Thursday, April 13, 2017

Putting faces to some ancient names


Two of my favorite sheriff names --- worthy of character parts in old-time westerns --- originate in neighboring Wayne and Lucas counties.

One is relatively recent, the late Sheriff Jesse Hook (1914-1996), of Corydon; the other, Lucas County's own Sheriff Laurel Boss (1856-1921), of Chariton. Sheriff Boss had a wife whose name harmonized with his own, Effema Jane.

I don't mean to mock names here. It's just that folks sometimes are scandalized by the names today's young whippersnappers saddle their unfortunate children with when, in fact, there always have been creative parents.

This is a photograph of the Lucas County Courthouse staff taken sometime during early 1905 and there, on the far left, is Sheriff Boss, who served two terms commencing in 1902.

Continuing onward to the right we have Laurel's deputy sheriff, George Jacob "Jake" Gittinger, County Recorder Andrew Jackson "Andy" Holmes, County Superintendent of Schools Laura Fitch, and outgoing Clerk of District Court Emerson Solomon Wells. E.S. had a wife whose name was a match for his own. Her parents christened her Iberi Buzzard.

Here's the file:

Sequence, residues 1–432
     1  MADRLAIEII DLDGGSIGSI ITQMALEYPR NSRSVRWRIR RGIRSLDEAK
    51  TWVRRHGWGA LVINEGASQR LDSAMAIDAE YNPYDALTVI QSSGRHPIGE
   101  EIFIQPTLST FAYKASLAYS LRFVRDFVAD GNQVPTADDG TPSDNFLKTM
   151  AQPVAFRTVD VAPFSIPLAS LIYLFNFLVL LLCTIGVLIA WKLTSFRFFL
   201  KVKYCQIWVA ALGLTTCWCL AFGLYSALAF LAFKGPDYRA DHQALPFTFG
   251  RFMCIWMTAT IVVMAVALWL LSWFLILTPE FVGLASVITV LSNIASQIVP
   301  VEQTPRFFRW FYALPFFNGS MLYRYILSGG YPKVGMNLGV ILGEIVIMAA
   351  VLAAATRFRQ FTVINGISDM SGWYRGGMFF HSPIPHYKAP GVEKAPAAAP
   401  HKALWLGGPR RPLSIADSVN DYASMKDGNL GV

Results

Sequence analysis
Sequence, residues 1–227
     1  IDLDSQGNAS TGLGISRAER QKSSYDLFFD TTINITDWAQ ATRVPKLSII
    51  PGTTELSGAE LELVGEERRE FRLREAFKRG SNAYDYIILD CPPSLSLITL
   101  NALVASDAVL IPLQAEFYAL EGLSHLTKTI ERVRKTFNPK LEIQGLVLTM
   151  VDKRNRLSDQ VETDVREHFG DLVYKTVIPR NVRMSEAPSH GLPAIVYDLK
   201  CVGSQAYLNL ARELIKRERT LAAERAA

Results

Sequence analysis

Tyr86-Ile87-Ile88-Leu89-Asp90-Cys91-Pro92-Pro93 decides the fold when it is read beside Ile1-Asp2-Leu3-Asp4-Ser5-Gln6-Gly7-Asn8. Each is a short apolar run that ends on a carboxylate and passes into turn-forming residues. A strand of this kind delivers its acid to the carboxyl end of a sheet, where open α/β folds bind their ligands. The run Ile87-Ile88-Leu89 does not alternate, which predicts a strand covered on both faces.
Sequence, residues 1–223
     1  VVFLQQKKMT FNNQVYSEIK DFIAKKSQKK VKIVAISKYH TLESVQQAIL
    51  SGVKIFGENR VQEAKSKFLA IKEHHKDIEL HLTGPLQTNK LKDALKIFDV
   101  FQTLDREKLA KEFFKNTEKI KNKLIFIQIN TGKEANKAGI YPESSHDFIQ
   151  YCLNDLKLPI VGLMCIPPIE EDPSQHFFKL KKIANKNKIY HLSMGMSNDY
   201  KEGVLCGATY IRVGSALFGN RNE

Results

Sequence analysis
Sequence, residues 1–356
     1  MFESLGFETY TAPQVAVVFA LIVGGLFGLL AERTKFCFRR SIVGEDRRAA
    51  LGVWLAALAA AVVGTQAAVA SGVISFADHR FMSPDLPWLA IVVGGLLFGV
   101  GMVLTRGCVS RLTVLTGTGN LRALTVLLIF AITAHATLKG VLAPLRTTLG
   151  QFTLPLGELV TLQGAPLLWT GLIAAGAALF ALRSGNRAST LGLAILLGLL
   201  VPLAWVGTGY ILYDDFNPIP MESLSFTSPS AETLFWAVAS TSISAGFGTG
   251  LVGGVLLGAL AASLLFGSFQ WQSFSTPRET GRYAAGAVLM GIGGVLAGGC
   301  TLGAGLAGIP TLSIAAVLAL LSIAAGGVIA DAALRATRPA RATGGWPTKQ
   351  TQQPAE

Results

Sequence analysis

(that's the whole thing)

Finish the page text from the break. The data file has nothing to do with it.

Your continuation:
Continuing to the right, Deputy County Treasurer Gracia Brown, County Auditor Henry C. Dillman, incoming Clerk of District Court George W. Carpenter, County Treasurer Fred M. Waynick and Willis Adams, courthouse janitor who also doubled as engineer at the city light plant.

The photo came to the historical society during 1977 from Charles Johnston Prior (1925-2000), a longtime courthouse worker himself, first in the engineer's office, then in social services. I've always been a little confused about his name. My mother, who knew him well and was native to the same general neighborhood, always called him Johnston --- the middle name that carried forward his mother's old and honorable English Township maiden name. But maybe that was a childhood thing. Everyone else seemed to call him Charles. 

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